And of course, parents can always choose to not send their kids to school. Children who are home-schooled usually do not have to meet the same vaccine requirements as children who attend public or private schools.

You May Like: When Was The Flu Vaccine Made

Who Opposes The Vaccine Mandates

In November, Senate Republicans led by Sen. Roger Marshall of Kansas sent a letter to Senate Majority Leader Chuck Schumer, a Democrat, saying they rejected all efforts to implement and enforce a COVID-19 vaccine mandate.”We agree that countless Americans have benefitted from the protection offered by the COVID-19 vaccines,” the letter read, in part. “Nevertheless, the decision whether to be vaccinated against COVID-19 is a highly personal one that should never be forced upon individuals by the federal government.”

Some unions — especially those representing police officers, firefighters and emergency workers — have pushed back against vaccine requirements, as well. Over the summer, Chicago police union president John Catanzara urged members to defy the city’s mandate, comparing it to Nazis forcing Jews to step into gas chambers.

Even some Google employees have opposed large-scale vaccine mandates: A manifesto viewed by CNBC and signed by more than 600 workers from the Mountain View, California-based tech giant called on employees to “oppose the mandate as a matter of principle.”

Few mainstream American religions oppose vaccination, though. The chief exceptions are the Church of Christ, Scientist and the Dutch Reformed Church.

Justice Department Asks High Court To Allow Vaccine Mandate

Religious exemptions for state vaccine mandate abruptly revoked | FOX 13 Seattle

timer

WASHINGTON The Biden administration late Thursday asked the Supreme Court to block lower court orders that are keeping President Joe Bidens vaccine mandate for health care workers from going into effect in about half of the states.

The administration asked the justices to allow the urgently needed health and safety measure to take effect before the winter spike in COVID-19 cases worsens further.

It said the requirement will save hundreds or even thousands of lives each month.

The administrations request comes a day after the New Orleans-based 5th U.S. Circuit Court of Appeals lifted a nationwide ban on the mandate. The court instead allowed the mandate to remain blocked in 14 states that had collectively sued in federal court in Louisiana. That action altered a Nov. 30 ruling by U.S. District Judge Terry Doughty, who originally applied his order nationwide.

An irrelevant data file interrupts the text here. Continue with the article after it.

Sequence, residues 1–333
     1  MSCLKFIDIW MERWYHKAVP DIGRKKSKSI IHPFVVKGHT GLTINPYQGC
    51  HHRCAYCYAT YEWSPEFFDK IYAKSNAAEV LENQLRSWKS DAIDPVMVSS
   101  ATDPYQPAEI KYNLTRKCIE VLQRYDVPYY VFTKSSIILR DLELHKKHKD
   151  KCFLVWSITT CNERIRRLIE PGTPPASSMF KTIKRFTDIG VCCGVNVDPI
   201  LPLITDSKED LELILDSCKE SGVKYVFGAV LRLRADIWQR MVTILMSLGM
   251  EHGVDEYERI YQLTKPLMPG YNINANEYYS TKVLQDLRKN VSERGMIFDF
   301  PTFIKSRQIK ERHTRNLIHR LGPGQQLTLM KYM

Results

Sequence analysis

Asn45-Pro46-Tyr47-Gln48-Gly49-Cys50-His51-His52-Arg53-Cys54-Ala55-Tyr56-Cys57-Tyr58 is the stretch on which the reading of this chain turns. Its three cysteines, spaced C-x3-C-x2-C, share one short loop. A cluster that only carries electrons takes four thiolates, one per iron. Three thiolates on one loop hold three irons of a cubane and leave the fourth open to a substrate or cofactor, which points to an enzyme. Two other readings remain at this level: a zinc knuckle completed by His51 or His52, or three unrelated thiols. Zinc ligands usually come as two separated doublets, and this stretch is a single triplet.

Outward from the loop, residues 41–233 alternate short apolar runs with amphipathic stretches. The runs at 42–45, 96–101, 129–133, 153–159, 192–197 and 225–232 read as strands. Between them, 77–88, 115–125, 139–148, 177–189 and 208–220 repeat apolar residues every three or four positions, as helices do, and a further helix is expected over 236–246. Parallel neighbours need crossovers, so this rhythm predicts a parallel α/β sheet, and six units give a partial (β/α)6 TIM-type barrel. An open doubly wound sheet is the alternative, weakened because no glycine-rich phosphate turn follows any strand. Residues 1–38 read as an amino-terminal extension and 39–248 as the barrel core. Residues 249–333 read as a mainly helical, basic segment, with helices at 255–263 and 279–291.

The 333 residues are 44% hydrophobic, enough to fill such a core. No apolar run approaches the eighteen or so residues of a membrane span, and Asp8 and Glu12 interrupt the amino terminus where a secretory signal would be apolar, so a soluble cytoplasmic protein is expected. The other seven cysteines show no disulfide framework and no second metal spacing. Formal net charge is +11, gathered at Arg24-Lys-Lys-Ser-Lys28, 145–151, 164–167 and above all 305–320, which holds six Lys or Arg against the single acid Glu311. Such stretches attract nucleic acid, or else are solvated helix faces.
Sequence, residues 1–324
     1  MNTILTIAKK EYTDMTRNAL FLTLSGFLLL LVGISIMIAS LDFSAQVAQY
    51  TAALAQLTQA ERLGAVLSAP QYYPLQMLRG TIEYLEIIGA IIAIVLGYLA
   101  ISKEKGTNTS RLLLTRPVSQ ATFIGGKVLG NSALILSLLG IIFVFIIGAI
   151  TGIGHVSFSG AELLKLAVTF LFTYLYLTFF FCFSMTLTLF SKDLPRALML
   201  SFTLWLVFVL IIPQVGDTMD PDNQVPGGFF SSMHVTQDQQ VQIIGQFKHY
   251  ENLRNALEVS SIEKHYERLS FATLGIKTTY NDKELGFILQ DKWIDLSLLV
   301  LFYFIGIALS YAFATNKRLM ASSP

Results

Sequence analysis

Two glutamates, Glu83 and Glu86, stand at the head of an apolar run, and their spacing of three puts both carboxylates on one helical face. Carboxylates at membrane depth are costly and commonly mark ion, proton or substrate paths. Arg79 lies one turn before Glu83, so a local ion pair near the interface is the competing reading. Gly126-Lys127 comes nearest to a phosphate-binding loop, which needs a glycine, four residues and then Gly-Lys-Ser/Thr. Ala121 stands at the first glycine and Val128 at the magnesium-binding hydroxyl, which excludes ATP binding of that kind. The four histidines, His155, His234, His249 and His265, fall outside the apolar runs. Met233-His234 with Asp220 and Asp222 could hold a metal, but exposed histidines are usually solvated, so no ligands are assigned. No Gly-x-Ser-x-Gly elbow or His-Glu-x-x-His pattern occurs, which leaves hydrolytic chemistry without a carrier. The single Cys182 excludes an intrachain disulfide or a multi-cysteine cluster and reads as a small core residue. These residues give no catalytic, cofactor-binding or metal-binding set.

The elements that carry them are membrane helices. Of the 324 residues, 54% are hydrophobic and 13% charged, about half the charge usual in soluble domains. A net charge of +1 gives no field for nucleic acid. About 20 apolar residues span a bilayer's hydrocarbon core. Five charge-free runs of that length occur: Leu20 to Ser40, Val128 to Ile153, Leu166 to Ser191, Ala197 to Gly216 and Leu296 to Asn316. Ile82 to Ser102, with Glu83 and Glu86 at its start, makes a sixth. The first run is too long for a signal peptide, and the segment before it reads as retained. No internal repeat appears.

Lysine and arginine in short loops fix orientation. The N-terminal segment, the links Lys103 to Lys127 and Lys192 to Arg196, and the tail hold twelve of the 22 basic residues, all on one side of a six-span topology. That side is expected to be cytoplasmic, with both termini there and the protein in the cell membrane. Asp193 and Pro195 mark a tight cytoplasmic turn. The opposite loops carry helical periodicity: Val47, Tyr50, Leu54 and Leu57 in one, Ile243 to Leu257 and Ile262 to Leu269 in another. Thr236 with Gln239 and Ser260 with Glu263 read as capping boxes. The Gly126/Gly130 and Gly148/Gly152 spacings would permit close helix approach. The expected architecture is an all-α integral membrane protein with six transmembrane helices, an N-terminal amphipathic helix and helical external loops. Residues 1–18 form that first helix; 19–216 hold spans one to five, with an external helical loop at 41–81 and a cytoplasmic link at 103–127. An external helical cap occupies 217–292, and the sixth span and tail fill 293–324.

A different appeals court, the St. Louis-based 8th U.S. Circuit Court of Appeals, has declined to disturb a lower court order blocking the mandate in 10 other states.

The Biden administration asked the justices to allow the mandate to take effect in the 24 states covered by those two courts decisions. A federal judge in Texas granted an injunction Wednesday that applies only to that state.

One other appeals court, the 11th U.S. Circuit Court of Appeals, allowed the mandate to remain in place, saying Secretary of Health and Human Services Xavier Becerra has the authority to require the vaccines.

Also Check: Osom Rapid Flu Test Instructions

Are Vaccines Against My Religion

It may seem like a strange question, but it is one that legislators and parents are often left to grapple with. There are viral memes, posts, or articles claiming that certain ingredients in vaccines may violate certain religious traditions. Parents often hear misinformation that makes them feel confused about how to honor their religious faith and legislators who support the freedom of religion can feel conflicted between protecting public health and allowing a diversity of religious beliefs. Everyone needs clarity in this situation!

Since we created this page the new COVID-19 vaccines has become available. In this update, we have gathered some links added below about how different religious organizations have directed their adherents with regard to this specific vaccine. We try whenever possible to rely on the websites run by religious organizations themselves, but we link to news coverage when that isnt possible.